While on tour in Europe, we were lucky enough to have an international exchange with Natalie Closner of indie-pop trio Joseph for our newest NoiseTrade One-on-One. We discussed the wonders of a European continental breakfast, the dynamic shift between full-band and acoustic trio performances, and the deeper draw of their “White Flag” anthem.
NoiseTrade: First off, how has your European trek been so far? How are the crowds, the sightseeing, and the food?
Natalie Closner: To be honest, there isn’t much sightseeing on a tour like this. It’s mostly just venues and highways and hotel continental breakfasts. That said, European continental breakfast! Sigh… It’s gorgeous. It puts your average U.S. Holiday Inn to shame. We’re talking huge spreads of charcuterie, pickled vegetables, soft boiled eggs, fried eggs, fresh tomatoes and cucumbers and all manner of cheeses. Spectacular. I do miss pour over coffee though because it’s all about espresso over here. Also, the crowds have been incredibly warm and we’ve had to talk about politics a lot.
NT: Fallon, Conan, Ellen, CBS This Morning… you guys have been popping up all over the place recently. What’s the first thing you say to each other when you get off stage after these exciting TV appearances?
Closner: We smile and high five and hug our team who is there to support us. It’s a pretty existential experience and we learn so much every time. I love realizing that these people with mega celebrity status are truly kind and down to earth.
NT: I’ve really been enjoying the gothic folk cover of Britney Spears’ “Toxic” that you guys are offering on this EP. What inspired you to first start covering this song a few years back?
Closner: It’s not a very good story, I’m afraid. One of my voice students showed me a performance of it on a singing competition tv shows and I loved their approach. I think it’s a fantastic song and at the time, we were doing a lot of three-hour cover sets at bars and restaurants. So we needed something like that. When we started playing it in our club sets, it acted as a reprieve from our original songs that tend to be… emotionally demanding. I think people really appreciated hearing something cheeky.
NT: Your song “White Flag” has resonated with so many people in so many different circumstances over the past year. How has playing the song – specifically during a turbulent political season – changed and evolved for you and the reactions you have seen from your fans?
Closner: We live in a culture that makes money by scaring us. We are constantly being reminded of what peril lies ahead if we don’t buy this thing or move to this place or choose this particular news source as our primary doom sayer. Don’t get me wrong, there is plenty to be concerned about! We are a polarized country and there is more division than ever right now, so I have marveled at how much I need “White Flag” more and more.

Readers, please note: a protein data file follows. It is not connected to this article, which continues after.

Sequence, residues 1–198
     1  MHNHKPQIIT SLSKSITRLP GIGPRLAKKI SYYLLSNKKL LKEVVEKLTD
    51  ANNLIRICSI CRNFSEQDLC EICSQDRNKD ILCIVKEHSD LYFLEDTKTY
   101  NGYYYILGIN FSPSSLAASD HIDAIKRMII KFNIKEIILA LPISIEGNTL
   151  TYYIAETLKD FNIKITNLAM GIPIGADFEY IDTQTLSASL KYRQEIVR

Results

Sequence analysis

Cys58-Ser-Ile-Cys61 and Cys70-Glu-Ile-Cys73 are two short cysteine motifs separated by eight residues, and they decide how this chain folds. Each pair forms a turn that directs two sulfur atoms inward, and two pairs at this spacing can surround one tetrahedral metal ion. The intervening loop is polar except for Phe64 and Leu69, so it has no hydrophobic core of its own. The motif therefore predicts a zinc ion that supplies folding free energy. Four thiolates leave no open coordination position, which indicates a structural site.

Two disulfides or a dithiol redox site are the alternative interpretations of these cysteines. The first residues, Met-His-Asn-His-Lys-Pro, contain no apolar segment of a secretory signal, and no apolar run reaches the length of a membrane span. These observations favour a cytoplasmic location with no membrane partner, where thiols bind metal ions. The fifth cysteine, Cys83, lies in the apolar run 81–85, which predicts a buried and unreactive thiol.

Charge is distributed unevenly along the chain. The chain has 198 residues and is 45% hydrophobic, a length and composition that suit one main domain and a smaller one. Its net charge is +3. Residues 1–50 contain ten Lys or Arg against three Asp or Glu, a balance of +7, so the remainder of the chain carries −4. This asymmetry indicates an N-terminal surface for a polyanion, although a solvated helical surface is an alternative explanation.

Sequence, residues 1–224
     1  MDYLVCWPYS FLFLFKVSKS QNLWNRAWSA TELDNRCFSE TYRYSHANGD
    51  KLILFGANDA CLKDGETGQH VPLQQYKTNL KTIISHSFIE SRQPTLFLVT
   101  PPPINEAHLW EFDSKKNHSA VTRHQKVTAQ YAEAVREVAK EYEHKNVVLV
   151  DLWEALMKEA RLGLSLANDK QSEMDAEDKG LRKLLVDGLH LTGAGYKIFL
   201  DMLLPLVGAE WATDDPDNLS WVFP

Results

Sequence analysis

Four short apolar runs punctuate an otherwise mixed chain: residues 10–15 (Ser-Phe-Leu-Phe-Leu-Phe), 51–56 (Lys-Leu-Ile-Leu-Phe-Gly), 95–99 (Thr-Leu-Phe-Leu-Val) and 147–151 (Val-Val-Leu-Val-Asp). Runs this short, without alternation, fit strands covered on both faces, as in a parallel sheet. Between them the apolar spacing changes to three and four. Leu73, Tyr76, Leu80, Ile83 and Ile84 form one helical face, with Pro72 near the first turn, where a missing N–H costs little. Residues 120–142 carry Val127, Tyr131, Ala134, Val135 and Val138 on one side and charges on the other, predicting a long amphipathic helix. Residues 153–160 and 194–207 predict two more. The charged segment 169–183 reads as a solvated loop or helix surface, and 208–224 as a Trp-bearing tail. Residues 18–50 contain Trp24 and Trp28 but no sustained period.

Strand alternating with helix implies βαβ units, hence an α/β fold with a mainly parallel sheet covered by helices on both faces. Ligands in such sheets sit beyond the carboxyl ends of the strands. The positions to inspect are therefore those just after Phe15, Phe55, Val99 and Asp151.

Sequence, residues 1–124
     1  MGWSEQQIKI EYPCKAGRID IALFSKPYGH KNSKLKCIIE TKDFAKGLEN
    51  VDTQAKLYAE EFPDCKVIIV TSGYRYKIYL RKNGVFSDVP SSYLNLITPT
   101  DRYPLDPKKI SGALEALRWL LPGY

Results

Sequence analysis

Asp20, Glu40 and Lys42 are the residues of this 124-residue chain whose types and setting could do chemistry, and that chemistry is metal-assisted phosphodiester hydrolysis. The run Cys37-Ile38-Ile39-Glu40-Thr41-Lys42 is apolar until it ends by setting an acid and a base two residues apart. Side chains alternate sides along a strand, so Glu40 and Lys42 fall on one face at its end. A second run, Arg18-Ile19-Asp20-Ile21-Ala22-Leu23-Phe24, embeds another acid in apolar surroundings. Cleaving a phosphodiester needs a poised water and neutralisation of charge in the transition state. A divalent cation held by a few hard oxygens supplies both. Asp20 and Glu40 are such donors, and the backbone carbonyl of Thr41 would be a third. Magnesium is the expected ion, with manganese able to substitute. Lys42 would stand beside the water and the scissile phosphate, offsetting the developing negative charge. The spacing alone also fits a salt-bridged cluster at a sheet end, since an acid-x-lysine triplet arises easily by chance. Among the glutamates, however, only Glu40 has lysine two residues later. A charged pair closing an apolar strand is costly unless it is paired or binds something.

I read a statement by CS Lewis – “On Living in An Atomic Age” – when everyone was terrified of atom bombs dropping at random. The quote in its entirety is quite pertinent but I’ll just include the last bit to explain what “White Flag” means:
“This is the first point to be made: and the first action to be taken is to pull ourselves together. If we are all going to be destroyed by an atomic bomb, let that bomb when it comes find us doing sensible and human things – praying, working, teaching, reading, listening to music, bathing the children, playing tennis, chatting to our friends over a pint and a game of darts – not huddled together like frightened sheep and thinking about bombs.”
It’s a decision to defy fear. To never surrender. In a world where hate and darkness – while being the minority – are quite loud, “White Flag” is about making love louder.
NT: Your recent NPR Tiny Desk Concert stripped away the layered bombast of your album and beautifully highlighted what you guys can do with just three voices and an acoustic guitar. What do those types of performances draw out of you in relation to your other full-band shows?
Closner: With our band, we can dance and lean back into the music. The dynamics are deeper. But playing as a trio is our backbone. We can hear the nuance of the vocals more, so it’s usually a better blend. It’s also a little more subtle but requires more spitfire.
NT: Finally, as far as sibling vocal groups go, who do you find inspiration in and what is the first song you remember singing together as a trio?
Closner: I wish we could point to any one band. We’re not cool enough to know many inspirational bands from the past. We listened to a weird cornucopia of jazz music, pop country, and CCM, so it’s taken us awhile to educate ourselves.
The first song we did as a trio was probably one of my syrupy love songs I was singing at the time. Meeg and Al started out as my BGVs, but that changed quickly once I realized exactly what they could do.